SACRAMENTO, Calif. (7/6/12)--California lawmakers Monday passed a set of foreclosure relief bills that will help hundreds of thousands of state residents facing foreclosures to stay in their homes. The bills could be a template for the rest of the U.S.
Credit unions could be impacted by the legislation, which is the first of its kind in the U.S. The measure would end the practice of "dual tracking," in which a lender goes through foreclosure procedures, even if the homeowner is trying to obtain a modification on the terms of the loan (Houston Chronicle and The Associated Press July 30).
"Credit unions understand that the intention of mortgage reform legislation is to help distressed borrowers who were negatively impacted by a devastating recession," the California Credit Union League said in a prepared statement sent to News Now. "We share the same concern, but we also believe these reforms were proposed to address the practices of other lenders.
"We maintain strict underwriting standards, and are wary of additional burdens that would impede our ability to help struggling Californians emerge from a lingering economic downturn," the league added. "Our primary focus is to continue working with members to keep them in their homes."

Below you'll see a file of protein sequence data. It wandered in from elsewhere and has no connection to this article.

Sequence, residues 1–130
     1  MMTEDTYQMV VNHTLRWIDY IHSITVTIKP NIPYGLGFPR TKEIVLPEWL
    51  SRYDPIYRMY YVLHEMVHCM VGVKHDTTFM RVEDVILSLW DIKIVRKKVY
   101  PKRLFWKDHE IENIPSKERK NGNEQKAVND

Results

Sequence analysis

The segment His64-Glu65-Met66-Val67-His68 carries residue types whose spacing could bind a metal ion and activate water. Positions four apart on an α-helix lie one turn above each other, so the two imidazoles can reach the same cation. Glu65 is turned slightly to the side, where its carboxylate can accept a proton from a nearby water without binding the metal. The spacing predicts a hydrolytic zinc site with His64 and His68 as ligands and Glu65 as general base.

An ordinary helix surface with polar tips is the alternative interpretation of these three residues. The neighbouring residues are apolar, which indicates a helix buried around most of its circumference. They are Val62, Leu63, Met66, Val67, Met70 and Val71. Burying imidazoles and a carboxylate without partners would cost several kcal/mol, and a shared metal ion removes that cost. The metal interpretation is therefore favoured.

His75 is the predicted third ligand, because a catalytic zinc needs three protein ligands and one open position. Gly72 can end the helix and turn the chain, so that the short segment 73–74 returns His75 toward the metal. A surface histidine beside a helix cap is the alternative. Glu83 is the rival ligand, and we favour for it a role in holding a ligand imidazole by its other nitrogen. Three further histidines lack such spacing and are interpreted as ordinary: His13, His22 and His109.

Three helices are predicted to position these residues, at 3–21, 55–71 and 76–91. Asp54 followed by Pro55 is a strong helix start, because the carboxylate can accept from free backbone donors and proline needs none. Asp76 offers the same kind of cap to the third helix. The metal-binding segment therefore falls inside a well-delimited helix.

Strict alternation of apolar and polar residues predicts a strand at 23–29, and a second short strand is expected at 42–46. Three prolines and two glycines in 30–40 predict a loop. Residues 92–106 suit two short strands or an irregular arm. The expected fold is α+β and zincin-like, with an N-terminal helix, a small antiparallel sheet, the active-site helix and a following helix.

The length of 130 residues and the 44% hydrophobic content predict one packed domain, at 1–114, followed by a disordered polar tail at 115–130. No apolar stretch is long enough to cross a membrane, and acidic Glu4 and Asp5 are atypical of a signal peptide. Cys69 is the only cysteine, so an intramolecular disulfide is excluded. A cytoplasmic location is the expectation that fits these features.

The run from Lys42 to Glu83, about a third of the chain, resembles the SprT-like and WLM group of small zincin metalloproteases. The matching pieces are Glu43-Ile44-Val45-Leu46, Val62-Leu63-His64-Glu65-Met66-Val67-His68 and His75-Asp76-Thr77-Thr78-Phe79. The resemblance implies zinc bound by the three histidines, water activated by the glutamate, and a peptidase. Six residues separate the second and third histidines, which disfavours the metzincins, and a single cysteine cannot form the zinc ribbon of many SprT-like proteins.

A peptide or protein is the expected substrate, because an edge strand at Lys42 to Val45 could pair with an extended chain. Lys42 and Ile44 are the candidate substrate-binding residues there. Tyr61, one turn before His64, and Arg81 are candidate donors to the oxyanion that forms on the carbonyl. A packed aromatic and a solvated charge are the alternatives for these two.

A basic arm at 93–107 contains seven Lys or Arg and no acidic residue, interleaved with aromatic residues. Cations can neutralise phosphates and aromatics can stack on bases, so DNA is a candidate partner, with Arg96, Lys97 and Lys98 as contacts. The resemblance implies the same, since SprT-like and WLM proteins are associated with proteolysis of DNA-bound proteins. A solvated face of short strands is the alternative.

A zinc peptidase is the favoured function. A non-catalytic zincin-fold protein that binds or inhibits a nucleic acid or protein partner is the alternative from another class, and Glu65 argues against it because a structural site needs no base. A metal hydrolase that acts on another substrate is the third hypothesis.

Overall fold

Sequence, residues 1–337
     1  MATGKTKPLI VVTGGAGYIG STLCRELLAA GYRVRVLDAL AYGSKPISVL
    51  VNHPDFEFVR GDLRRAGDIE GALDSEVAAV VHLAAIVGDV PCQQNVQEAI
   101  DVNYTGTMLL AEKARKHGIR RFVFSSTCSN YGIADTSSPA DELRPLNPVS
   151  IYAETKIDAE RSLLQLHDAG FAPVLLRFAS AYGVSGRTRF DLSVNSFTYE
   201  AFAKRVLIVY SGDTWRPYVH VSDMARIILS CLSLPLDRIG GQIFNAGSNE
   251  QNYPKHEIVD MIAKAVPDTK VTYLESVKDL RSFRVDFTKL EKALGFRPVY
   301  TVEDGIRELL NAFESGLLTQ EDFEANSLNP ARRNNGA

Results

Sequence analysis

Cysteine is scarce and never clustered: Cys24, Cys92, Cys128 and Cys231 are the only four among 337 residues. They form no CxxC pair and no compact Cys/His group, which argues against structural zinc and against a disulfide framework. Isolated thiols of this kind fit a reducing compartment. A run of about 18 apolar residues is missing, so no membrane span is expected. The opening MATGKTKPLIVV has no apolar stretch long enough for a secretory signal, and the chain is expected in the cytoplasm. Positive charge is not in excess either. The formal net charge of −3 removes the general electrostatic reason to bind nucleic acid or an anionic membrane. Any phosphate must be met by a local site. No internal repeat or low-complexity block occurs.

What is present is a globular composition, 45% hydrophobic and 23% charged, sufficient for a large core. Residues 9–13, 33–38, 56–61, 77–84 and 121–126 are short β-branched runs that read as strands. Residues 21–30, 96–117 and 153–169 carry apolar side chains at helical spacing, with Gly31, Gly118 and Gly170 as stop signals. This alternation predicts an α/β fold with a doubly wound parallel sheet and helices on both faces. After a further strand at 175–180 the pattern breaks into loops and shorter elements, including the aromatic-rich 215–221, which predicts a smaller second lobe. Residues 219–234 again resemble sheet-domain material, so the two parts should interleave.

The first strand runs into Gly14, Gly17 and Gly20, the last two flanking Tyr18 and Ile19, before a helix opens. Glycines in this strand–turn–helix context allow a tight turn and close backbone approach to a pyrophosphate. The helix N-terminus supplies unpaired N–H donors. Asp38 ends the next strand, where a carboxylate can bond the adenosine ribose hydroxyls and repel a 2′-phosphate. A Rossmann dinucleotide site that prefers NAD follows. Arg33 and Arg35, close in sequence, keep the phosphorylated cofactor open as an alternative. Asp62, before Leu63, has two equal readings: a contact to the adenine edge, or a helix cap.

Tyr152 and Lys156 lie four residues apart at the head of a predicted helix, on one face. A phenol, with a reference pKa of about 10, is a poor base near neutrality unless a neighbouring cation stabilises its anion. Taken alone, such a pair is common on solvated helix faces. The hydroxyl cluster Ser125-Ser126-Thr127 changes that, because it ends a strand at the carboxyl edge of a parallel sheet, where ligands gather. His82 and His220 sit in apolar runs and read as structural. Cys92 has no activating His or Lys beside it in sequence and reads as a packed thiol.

The bills reflect and extend protections that came about through a nationwide settlement between 49 state attorneys general and five of the biggest U.S. banks that service mortgages, the newspaper and AP said.
The bills also would require financial institutions to provide a single point of contact for borrowers who want to discuss their loans. Another stipulation mandates that lenders either approve or deny loan-modification requests and provide a clear rationale for the decisions, the paper and AP said.
California Gov. Jerry Brown said he would sign the bills into law.